Scholars are split on how to justify to taxpayers the use of public money for arts research.
A debate entitled "Researching the arts - why bother?" organised by the Institute of Ideas last week asked: "Do the arts have to re-brand themselves as useful to justify public money?"
And although all the contributors to the debate at King's College London agreed that humanities and arts research had merit, there was little consensus on what this was.
Both Richard Howells, director of the Centre for Culture, Media and Creative Industries at King's, and Jonathan Bate, professor of renaissance literature at the University of Warwick, recalled having to justify their existence to those outside academe.
Dr Howells' encounter with a sheep farmer who did not consider his PhD to be "work" led him to ponder that "by researching the arts we are researching ourselves".
While the farmer, like the current Government, may have been more impressed by economic arguments, Dr Howells was scathing on this front. "The income-generating purpose of arts is being treated as its raison d'etre," he said. "We need to get back to the meaning, not just to the uses and utilities of arts."
Professor Bate recounted a conversation with a civil servant from the Department of Innovation, Universities and Skills, who said he did not lose sleep over giving money to medical research, but was more concerned when it came to the arts. "I like riding my horse but don't expect the taxpayer to pay for it," the civil servant had said.
Professor Bate said that "to people dying of cancer, the search for a cure is meaningless" - what they really need is "bibliotherapy": literature that will help them navigate their grief and despair.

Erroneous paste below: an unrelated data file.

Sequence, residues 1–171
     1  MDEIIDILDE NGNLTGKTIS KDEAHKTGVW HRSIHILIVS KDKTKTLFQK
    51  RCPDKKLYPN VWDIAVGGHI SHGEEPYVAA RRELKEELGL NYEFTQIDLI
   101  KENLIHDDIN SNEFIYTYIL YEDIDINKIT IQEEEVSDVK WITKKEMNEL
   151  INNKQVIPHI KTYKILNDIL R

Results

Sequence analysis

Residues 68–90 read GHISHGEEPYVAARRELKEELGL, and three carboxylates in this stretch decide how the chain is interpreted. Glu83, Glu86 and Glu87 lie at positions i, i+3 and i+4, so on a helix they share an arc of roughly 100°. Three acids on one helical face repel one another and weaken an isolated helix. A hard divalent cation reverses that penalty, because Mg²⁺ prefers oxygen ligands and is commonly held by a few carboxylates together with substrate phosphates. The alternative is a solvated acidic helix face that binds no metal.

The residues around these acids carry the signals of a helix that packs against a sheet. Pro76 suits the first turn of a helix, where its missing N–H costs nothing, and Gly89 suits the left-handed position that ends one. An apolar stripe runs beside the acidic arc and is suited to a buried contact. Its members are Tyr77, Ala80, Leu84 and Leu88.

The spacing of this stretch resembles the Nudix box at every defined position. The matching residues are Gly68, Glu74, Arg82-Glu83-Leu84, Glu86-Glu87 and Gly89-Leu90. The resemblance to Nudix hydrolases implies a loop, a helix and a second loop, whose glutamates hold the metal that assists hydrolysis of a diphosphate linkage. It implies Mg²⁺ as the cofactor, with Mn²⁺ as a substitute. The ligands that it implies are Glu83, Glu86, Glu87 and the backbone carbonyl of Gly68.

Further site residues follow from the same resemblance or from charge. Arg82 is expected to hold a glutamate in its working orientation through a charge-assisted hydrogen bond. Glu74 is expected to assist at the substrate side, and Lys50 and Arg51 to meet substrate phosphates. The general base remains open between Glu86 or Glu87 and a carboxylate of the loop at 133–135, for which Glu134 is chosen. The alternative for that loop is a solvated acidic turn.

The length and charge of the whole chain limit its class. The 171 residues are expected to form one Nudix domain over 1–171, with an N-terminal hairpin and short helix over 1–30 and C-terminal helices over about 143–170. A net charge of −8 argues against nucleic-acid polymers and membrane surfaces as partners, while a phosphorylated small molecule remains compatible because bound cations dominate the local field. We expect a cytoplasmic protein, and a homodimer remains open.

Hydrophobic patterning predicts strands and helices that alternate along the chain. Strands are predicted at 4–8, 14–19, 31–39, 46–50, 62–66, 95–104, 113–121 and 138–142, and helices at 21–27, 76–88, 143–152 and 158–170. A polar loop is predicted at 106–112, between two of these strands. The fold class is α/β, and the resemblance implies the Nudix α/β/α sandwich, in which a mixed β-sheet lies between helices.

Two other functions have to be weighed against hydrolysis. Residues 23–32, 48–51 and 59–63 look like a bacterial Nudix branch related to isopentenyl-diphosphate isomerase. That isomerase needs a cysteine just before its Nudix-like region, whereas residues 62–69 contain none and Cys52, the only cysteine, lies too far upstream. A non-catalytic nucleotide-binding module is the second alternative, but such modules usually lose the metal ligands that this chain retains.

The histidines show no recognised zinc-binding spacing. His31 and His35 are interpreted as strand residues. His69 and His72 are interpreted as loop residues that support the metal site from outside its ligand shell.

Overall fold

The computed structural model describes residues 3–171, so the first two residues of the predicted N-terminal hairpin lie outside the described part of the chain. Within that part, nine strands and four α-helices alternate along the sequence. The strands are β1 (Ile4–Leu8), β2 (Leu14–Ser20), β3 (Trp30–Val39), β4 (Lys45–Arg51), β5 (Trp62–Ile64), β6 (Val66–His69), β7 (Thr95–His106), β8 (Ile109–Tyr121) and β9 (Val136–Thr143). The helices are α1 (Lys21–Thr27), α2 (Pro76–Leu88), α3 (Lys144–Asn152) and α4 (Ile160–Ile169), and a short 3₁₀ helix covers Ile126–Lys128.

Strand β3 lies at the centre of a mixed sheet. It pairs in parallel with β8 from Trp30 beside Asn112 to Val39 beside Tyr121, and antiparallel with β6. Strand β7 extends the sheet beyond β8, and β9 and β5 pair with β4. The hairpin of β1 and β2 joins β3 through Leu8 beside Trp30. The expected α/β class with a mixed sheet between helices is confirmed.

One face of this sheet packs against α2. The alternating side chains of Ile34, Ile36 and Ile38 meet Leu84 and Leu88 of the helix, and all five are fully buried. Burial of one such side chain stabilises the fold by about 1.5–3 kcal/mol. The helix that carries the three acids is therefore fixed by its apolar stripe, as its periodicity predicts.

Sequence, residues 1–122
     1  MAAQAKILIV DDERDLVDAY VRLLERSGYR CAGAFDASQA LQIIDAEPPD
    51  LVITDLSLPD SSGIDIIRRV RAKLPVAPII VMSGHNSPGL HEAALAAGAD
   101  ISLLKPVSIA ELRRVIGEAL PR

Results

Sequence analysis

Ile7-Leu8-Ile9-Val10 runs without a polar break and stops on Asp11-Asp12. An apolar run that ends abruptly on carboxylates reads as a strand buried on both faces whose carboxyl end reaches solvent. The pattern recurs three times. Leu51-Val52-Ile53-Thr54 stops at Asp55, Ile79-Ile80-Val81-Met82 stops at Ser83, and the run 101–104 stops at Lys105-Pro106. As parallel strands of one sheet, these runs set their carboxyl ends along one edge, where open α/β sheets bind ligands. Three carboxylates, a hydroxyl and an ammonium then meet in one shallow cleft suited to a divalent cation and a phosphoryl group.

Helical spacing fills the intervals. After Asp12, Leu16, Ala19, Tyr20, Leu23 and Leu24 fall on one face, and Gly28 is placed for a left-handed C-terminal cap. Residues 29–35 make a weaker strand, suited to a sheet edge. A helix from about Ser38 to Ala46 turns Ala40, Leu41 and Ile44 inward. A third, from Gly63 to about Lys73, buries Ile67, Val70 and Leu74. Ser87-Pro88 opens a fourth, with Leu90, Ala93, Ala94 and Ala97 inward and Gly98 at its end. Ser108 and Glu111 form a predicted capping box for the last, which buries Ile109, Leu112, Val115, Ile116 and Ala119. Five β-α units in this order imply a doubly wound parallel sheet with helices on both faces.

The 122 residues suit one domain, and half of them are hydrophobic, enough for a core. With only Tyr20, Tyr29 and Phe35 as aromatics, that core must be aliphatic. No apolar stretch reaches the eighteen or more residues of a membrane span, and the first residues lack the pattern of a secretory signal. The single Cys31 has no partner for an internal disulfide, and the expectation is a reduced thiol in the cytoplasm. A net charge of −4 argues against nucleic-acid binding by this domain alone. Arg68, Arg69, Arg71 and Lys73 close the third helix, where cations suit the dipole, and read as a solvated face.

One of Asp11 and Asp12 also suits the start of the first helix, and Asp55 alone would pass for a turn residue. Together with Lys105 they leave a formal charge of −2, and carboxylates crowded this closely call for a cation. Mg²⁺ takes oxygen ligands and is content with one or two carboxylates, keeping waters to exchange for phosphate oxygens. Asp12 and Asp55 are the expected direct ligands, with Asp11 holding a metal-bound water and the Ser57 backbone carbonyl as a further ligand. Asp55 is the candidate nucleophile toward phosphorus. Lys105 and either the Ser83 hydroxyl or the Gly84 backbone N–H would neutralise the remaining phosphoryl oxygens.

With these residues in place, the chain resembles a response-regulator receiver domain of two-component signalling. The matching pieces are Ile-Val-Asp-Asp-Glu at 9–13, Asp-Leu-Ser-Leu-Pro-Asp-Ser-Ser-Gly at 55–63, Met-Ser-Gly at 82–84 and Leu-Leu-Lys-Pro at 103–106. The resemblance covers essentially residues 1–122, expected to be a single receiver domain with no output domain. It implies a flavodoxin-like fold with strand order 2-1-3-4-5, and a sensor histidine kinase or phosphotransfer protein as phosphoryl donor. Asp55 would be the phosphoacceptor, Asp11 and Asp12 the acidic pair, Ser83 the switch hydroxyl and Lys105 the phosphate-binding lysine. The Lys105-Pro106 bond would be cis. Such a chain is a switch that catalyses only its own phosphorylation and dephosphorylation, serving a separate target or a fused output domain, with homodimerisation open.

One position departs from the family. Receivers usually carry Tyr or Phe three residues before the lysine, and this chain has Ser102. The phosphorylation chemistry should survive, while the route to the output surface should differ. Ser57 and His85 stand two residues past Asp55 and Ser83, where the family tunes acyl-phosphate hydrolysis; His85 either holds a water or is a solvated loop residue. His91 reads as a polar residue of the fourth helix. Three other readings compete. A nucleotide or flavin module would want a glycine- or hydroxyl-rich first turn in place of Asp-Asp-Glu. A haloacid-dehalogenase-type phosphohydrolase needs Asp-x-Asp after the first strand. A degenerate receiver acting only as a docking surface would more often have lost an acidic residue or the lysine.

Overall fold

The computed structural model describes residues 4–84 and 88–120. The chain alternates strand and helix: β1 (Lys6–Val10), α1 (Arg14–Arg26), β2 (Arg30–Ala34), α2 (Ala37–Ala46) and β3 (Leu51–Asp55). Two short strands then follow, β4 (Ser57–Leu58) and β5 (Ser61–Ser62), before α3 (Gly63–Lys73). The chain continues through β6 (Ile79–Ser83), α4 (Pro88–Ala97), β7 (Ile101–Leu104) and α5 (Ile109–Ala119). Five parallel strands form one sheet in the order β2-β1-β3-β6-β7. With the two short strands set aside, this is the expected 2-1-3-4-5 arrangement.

Institute of Ideas director Claire Fox criticised much research into the arts as "justifying research into the arts - a waste of time".
"There's too much defensiveness in this," she said, criticising Professor Bate's example: "Dying or alive, you should read books."
Ms Fox maintained that both the arts and sciences were facing a squeeze on "blue-skies" research.
"This reflects society's attitude to knowledge," she said. Open-ended, intellectually risky inquiry is being constricted by a culture that believes that only a limited number of questions remain to be answered, she argued.
ACCUSED: NO CHANCE OF A-HUG FOR AHRC
A new group representing arts and humanities researchers has criticised the Arts and Humanities Research Council (AHRC) for failing to resist the creation of a controversial new European journal ranking system.
The Arts and Humanities User Group (A-HUG), a group of 17 learned societies and subject associations, was set up earlier this year amid growing frustration over a number of AHRC endeavours. It has written to the council, accusing it of a "failure" to play an "appropriate role" in representing the UK academic community to the European Science Foundation - which is behind the European Reference Index for Humanities (ERIH).
Academics fear that the ERIH will be used inappropriately to judge research quality.
The AHRC said it had received the letter and was in communication with A-HUG but had no comment to make.